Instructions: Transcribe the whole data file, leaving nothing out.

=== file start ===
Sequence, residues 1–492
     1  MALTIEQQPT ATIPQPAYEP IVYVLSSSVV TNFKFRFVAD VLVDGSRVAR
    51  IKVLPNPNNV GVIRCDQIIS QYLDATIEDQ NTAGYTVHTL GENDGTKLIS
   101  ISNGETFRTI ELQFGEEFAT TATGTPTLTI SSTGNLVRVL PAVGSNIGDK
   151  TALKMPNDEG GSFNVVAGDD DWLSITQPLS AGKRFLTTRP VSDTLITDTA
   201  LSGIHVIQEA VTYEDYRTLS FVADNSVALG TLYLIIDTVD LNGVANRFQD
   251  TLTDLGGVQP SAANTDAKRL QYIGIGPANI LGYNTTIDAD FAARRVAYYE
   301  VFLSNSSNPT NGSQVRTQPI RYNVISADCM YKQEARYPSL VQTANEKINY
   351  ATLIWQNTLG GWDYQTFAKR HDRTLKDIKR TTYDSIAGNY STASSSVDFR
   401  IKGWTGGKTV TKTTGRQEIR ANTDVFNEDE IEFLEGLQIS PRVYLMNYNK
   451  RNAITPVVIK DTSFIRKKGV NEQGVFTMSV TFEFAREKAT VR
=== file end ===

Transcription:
Sequence, residues 1–492
     1  MALTIEQQPT ATIPQPAYEP IVYVLSSSVV TNFKFRFVAD VLVDGSRVAR
    51  IKVLPNPNNV GVIRCDQIIS QYLDATIEDQ NTAGYTVHTL GENDGTKLIS
   101  ISNGETFRTI ELQFGEEFAT TATGTPTLTI SSTGNLVRVL PAVGSNIGDK
   151  TALKMPNDEG GSFNVVAGDD DWLSITQPLS AGKRFLTTRP VSDTLITDTA
   201  LSGIHVIQEA VTYEDYRTLS FVADNSVALG TLYLIIDTVD LNGVANRFQD
   251  TLTDLGGVQP SAANTDAKRL QYIGIGPANI LGYNTTIDAD FAARRVAYYE
   301  VFLSNSSNPT NGSQVRTQPI RYNVISADCM YKQEARYPSL VQTANEKINY
   351  ATLIWQNTLG GWDYQTFAKR HDRTLKDIKR TTYDSIAGNY STASSSVDFR
   401  IKGWTGGKTV TKTTGRQEIR ANTDVFNEDE IEFLEGLQIS PRVYLMNYNK
   451  RNAITPVVIK DTSFIRKKGV NEQGVFTMSV TFEFAREKAT VR